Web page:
- You learn more, faster
- Understand where you made a mistake
- Allows you to get help
- Develops problem-solving skills
- Prepares you for exams
Remote learning, homeschooling, Zoom lessons – whatever we call it, it’s a new way of learning that so many of us had never experienced before school closures hit. And it wasn’t just a few things that moved online, most of the education space was transformed in one way or another – in the first month of the pandemic, active users of Google Classroom doubled to 100 million!
We all had to adapt and become quickly flexible over the past year, whether that meant transforming our home into an office, juggling work and homeschooling or simply adjusting to a new way of life.
Online learning was a saviour to schools, teachers and learners not only because it made it easier to stay in touch and run virtual lessons, but it also meant that learners could get help on-demand and with learning delivered at the right level for them (yes, with the help of artificial intelligence).
Now, after speaking to more schools and families, we know that online learning isn’t going anywhere. And with this in mind, we want to make sure that written workings don’t slip from our minds and help everyone understand just how important they are. Here’s why…
You learn more, faster
Working out maths mentally means that learners are keeping a lot of information in their head. Don’t get us wrong, being able to do mental maths is great (we remember chanting 2 x 2 = 4 at the dinner table) but trying to work out a difficult sum in your head with multiple steps means you’re more likely to make a mistake and that there is much less brain-power for learning.
Helps learners understand mistakes
Getting questions wrong is probably the most important part of learning! Every mistake is an opportunity to learn a little bit more and improve work f
or next time. So, when learners have written their workings down, it is so much easier to go back over the problem and unpick where the mistake was made and correct it. It’s much more effective than starting the whole question again!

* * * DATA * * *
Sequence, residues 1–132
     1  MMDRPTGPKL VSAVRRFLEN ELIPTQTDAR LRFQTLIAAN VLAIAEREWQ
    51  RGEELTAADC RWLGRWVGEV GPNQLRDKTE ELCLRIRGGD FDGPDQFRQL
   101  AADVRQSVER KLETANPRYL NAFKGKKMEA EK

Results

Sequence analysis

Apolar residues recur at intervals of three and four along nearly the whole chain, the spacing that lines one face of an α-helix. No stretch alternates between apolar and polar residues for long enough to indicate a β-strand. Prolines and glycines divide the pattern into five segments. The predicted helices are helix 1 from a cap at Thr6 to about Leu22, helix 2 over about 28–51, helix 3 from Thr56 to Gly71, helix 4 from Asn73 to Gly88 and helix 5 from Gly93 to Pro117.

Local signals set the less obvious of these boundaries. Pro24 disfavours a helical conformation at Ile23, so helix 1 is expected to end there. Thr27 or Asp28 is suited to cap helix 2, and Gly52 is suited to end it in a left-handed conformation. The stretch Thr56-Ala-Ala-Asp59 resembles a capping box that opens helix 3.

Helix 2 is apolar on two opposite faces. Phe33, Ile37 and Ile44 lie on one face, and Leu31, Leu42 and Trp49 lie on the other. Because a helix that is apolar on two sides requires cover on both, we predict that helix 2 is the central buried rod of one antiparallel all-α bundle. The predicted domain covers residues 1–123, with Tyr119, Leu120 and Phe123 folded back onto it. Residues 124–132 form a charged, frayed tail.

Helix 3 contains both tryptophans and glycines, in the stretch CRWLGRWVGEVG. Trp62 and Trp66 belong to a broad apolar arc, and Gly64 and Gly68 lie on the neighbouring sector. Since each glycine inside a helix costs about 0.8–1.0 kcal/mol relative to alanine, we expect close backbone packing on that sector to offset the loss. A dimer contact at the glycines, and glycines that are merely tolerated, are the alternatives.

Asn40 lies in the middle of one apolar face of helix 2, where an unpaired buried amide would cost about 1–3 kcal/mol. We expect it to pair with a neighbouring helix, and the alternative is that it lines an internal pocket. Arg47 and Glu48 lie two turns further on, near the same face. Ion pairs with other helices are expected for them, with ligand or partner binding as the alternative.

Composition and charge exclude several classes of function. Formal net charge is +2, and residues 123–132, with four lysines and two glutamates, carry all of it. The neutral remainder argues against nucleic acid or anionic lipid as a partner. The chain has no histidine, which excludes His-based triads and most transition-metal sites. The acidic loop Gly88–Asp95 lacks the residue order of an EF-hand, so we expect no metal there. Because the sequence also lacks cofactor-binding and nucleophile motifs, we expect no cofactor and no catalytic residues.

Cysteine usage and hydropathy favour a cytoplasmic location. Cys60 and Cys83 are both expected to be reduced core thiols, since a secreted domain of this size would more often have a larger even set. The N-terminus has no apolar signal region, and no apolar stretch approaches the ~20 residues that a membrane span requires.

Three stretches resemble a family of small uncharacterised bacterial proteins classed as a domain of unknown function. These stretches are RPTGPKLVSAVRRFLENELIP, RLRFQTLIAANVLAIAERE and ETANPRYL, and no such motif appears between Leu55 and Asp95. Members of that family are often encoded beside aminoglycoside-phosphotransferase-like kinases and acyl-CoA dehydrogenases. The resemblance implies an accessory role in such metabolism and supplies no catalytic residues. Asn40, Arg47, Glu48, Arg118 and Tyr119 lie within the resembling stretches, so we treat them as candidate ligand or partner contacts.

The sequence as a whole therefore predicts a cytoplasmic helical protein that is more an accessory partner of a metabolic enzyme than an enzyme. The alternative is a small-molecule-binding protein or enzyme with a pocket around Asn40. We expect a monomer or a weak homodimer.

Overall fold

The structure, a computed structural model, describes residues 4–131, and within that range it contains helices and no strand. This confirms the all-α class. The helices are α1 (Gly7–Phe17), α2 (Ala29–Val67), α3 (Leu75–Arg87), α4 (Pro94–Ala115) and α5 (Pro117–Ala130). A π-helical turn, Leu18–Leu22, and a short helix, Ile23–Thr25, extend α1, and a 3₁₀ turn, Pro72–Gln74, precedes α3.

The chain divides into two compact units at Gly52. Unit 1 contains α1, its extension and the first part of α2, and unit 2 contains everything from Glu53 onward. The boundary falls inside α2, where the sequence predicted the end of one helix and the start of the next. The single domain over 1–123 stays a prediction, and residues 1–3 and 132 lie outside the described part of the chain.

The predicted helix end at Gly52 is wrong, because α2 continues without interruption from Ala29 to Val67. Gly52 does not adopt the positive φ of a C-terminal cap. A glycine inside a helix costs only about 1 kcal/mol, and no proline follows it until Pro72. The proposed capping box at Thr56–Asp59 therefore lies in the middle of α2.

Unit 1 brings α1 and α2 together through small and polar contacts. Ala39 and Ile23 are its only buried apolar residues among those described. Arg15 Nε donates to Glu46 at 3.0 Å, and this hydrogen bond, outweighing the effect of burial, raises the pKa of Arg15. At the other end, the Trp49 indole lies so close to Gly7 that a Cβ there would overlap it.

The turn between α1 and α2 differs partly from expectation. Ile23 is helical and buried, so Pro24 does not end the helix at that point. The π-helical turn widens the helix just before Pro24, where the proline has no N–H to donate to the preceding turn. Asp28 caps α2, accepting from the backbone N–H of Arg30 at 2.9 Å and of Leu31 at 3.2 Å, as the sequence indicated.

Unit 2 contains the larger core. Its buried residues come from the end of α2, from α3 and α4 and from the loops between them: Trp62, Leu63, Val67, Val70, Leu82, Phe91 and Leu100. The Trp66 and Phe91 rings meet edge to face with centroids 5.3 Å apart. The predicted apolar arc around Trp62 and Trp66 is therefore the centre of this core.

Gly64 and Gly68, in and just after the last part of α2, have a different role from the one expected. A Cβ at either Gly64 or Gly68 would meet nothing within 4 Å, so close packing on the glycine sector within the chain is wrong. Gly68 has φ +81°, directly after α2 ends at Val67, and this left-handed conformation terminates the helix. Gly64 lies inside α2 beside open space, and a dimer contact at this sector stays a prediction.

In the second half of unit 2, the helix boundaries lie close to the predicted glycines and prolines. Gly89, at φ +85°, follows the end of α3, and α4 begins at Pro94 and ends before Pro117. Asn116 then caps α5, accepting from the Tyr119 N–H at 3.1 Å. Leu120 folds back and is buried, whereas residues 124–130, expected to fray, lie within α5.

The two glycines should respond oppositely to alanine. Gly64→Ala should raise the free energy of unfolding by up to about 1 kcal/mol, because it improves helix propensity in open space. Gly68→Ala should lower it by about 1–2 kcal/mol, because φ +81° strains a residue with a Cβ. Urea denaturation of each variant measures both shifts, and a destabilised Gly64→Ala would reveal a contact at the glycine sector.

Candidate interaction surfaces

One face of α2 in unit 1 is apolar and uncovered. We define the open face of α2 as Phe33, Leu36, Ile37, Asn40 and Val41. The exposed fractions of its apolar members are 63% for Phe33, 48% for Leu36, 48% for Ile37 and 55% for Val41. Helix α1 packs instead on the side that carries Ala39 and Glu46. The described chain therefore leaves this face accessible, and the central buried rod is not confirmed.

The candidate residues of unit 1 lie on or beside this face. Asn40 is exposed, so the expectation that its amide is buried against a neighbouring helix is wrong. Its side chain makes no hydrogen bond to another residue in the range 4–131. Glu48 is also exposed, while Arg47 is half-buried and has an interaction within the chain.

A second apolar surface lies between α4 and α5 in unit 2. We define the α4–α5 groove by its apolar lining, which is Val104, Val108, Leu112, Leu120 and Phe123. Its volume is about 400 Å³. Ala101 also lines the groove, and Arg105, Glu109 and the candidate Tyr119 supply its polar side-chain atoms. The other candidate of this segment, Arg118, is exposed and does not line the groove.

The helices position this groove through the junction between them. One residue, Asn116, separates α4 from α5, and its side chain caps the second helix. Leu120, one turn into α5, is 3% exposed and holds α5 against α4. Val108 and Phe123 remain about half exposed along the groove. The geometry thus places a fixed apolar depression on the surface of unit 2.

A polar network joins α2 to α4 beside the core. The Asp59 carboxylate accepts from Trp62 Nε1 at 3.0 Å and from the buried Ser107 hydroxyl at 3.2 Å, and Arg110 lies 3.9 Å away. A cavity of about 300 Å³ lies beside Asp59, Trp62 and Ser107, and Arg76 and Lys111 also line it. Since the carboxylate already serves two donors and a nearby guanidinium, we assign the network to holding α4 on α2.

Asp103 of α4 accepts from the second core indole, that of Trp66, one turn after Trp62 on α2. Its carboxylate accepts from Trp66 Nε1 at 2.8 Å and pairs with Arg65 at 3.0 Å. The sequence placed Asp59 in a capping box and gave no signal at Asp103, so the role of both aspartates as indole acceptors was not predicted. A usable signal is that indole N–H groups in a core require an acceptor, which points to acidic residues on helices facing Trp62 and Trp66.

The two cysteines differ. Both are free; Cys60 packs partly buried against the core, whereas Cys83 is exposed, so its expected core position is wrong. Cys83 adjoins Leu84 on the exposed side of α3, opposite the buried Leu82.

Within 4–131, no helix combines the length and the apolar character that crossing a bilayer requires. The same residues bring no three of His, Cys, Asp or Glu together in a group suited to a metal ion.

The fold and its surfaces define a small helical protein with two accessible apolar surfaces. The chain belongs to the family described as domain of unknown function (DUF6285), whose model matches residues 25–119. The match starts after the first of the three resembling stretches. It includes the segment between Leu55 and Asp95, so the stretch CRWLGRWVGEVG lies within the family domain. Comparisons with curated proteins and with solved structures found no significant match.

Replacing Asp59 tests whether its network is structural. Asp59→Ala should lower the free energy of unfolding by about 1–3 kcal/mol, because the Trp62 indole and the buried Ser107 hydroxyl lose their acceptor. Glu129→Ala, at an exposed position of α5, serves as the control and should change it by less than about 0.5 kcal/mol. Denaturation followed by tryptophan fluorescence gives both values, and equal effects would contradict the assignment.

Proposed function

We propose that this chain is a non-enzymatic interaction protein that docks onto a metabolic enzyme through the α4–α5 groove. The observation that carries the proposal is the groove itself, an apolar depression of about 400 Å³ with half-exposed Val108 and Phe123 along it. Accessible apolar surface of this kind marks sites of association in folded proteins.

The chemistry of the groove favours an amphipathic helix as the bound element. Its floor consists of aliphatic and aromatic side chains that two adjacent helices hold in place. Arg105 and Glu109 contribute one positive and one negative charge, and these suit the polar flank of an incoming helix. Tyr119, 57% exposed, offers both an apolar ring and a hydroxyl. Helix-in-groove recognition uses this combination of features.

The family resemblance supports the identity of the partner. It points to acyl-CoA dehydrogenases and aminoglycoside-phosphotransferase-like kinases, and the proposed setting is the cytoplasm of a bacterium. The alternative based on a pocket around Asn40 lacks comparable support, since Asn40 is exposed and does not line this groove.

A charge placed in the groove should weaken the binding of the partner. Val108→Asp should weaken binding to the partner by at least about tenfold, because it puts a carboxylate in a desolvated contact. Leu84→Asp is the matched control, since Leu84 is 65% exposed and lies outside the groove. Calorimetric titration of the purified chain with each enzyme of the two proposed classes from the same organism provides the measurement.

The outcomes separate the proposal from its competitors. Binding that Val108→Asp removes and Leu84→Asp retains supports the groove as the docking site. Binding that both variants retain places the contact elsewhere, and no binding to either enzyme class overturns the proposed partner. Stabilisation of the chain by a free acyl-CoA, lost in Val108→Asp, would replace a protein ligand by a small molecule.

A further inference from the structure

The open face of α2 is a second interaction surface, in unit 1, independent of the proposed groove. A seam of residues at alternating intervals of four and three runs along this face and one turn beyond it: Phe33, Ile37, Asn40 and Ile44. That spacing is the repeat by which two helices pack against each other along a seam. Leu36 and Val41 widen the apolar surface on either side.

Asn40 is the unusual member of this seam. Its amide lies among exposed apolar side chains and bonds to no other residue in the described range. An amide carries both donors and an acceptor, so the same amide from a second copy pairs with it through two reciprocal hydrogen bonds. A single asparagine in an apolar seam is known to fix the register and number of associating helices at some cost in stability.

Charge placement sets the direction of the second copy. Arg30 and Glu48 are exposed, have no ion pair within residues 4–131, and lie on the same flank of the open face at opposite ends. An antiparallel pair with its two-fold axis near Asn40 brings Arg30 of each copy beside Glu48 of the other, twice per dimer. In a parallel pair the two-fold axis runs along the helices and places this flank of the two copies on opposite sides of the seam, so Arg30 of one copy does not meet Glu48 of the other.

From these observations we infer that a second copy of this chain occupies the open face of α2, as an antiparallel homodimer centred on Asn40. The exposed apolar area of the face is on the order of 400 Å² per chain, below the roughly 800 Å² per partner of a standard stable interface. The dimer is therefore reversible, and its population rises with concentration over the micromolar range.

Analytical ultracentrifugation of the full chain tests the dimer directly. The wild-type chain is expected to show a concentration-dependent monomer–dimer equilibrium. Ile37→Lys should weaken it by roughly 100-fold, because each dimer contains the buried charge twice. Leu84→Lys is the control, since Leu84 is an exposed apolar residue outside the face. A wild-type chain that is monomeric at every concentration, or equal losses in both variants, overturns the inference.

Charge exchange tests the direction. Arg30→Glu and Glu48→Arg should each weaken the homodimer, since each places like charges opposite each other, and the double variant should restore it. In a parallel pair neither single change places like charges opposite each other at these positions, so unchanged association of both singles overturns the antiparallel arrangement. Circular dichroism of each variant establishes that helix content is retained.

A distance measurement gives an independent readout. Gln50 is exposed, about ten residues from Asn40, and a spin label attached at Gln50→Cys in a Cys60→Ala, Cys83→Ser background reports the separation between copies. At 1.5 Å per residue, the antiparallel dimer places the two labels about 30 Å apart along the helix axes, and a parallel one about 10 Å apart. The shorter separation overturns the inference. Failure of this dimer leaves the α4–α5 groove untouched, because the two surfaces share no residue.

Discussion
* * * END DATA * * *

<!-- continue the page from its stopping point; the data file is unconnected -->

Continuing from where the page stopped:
Helps learners get support
If a learner is struggling with a question, having their workings written down will help someone (parent, teacher or friend) to identify the potential gaps in their knowledge and then tailor their support to where it is most needed – no need to waste any time!
Develops problem-solving skills
Sometimes, knowing where to start when you see a question for the first time is tricky enough! By writing down workings, learners will be able to keep a track of the strategies they’ve tried and work their way towards a solution to the problem no matter how tricky it is.
Amazing exam preparation
Exams aren’t just about getting the right answer – learners will also be marked on their workings. If workings are written out clearly, it’s super easy for the examiner to see that the learner knows what they are doing, so even if the answer is wrong or there is a small mistake, marks can still be picked up.
How does this fit into learning maths with Sparx Maths?
Help videos show worked examples
Every video in Sparx Maths/Numerise contains a worked example, similar to the problem that the learner is currently solving. This video is designed to not only help unstick the learner, but also provide a well-modelled solution to help thelearner layout their own working.
Sparx Maths will occasionally ask learners to input an answer they have given to a previous question. These bookwork checks are designed to make sure that learners are writing down as they complete their work and questions.
Answers on a different screen to the question
We ask learners to input their answers on a different screen to the question. This is purposefully done so that students can’t simply memorise the answer but have to write down their workings and refer back to them to move onto the next question.
Occasionally, Sparx Maths will ask questions in the form of quizzes. Similar to a test, these quizzes allow students to focus on the question, writing down their workings as they go, before asking students to input all of their answers at the end of the quiz.
Some related external evidence